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Maxwell distribution of relative velocities

  1. Nov 20, 2015 #1
    I want to calculate the distribution function for the relative velocity v_r = v_1 - v_2 of two particles. Each particle velocity follows the Maxwell distribution for velocities. They have the same mass and temperature.
    Can I just multiplicate the Maxwell distributions of the two particles (and normalize it)? Can someone help me?
    Thank you!
     
  2. jcsd
  3. Nov 20, 2015 #2
    Hi Violina:

    If I understand what you are trying to do, you want the distribution of the relative speed between two particles randomly chosen from those in a gas in equilibrium at a given temperature. You asked:
    I think the problem is more complicated than that. Each particle has a velocity vector with a magnitude (speed) defined by the distribution function for the particular temperature, and an random direction orientation equally distributed over all possible angles, that is, the angular distribution between a reference point on a unit spherical surface, and a random point on that surface. Then you use the law of cosines:
    to get the length of the difference vector. Then you have to integrate over four variables: 1 and 2 are the product of two Maxwell distributions for the two particles, and 3 and 4 are the longitude and latitude over a spherical surface to get the angle distribution between the two vectors.

    Good luck.

    Regards,
    Buzz
     
  4. Nov 23, 2015 #3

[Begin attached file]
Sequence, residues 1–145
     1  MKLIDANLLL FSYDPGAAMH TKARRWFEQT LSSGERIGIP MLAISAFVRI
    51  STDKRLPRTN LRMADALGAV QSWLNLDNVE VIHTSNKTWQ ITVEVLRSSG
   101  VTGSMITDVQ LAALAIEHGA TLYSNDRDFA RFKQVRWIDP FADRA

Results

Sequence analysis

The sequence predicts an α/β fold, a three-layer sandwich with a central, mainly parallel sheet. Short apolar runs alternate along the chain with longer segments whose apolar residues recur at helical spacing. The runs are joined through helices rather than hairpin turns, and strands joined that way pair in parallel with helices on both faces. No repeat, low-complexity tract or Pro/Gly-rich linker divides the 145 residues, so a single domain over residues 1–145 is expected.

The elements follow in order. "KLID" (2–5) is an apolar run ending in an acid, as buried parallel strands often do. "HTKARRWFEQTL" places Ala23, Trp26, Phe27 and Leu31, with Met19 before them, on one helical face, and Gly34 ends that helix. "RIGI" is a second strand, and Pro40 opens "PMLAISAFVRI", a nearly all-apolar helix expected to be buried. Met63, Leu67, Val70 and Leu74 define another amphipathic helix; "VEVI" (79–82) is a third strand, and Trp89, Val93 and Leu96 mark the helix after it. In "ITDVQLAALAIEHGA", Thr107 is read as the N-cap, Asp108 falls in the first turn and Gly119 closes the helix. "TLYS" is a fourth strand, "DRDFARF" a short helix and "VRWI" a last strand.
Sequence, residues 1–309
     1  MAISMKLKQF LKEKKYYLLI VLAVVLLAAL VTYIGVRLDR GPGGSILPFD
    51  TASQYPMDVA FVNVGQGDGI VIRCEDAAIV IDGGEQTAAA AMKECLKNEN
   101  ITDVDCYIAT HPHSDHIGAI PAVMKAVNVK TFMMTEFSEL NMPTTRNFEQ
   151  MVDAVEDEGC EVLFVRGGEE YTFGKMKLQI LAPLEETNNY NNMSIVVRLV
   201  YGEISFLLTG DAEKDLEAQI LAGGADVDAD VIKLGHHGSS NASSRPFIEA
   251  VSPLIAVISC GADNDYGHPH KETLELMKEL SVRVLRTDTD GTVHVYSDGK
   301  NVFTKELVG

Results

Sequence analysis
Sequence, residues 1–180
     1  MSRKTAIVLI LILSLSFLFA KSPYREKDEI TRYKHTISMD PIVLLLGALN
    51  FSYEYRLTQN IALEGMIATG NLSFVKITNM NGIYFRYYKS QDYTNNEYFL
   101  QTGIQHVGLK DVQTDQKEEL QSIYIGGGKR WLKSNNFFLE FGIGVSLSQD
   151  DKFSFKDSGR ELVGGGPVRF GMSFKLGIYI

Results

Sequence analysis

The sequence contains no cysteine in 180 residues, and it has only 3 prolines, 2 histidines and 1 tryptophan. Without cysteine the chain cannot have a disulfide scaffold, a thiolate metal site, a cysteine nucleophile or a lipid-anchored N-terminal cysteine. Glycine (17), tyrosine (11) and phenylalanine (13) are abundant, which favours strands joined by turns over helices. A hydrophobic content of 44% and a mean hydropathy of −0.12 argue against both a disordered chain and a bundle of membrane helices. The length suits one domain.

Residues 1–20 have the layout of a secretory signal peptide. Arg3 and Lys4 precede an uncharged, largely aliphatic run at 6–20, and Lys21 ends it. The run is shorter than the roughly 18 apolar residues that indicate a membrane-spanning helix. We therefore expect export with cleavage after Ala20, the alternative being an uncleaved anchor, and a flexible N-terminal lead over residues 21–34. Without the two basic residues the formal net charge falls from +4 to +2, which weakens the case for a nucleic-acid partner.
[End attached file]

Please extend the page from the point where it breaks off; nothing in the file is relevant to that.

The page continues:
Thank you Buzz.
    I think I don't need the cosine term because v_1 and v_2 are vectors and v_r = v_1-v_2 is also a vector. But I think I can't just set in v_r in the Maxwell distribution for velocities?
    And I don't know which mass I should set in. Maybe something like: m*|(v_1-v_2)| to get something like a relative mass?
     
  5. Nov 23, 2015 #4
    Hi Violina:

    For some reason today I am having trouble using the quote tool, so I will quote what I want to discuss using copy and paste.
    I think I don't need the cosine term because v_1 and v_2 are vectors​
    I think we are on different channels. You need to calculate the joint distribution of two 3D random vectors. In spherical coordinates. Each of the two distributions is a Maxwell distribution of a radial length times a uniform distribution over a unit sphere.
    And I don't know which mass I should set in.​
    The problem you described in post #1 was about velocities, not momenta. I am not sure how you want to define a momentum problem. If you want the momentum of one particle relative to the position of a second particle, you use the mass of the first particle.

    Regards,
    Buzz
     
    Last edited: Nov 23, 2015
  6. Nov 23, 2015 #5
    Thank you very much.
    Here is the original exercise. Maybe then you can better understand, whats my problem:

    Consider a gas in which the velocities of the particles are isotropically distributed and follow the
    Maxwell distribution

    f(vi) = 4(pi) *(m/(2 pi k T))^3/2 (v_i)^2 * exp (- mv_i^2/(2kT))

    For two random particles i = 1 and i = 2, the (vectors of the) velocity of the centre of mass and the
    relative velocity are defined as

    V =(v_1 + v_2) /2
    v_r = v_1 - v_2

    Calculate the distribution F(vr) of the relative velocity in analogy to the Maxwell distribution. Compare
    F(vr) and f(v). HINT: Express v1 and v2 in terms of V and vr.
     
  7. Nov 23, 2015 #6
    Hi Violina:

    I am having some difficulty reading the equation in the quote and matching it with the equation below from Wikipedia.
    Maxwell-eq.png

    Here the vector vi is represented in Cartesian coordinates. Note that you have two elements in your equation that are absent from the equation just above.
    (1) 4π to the left of the first "*"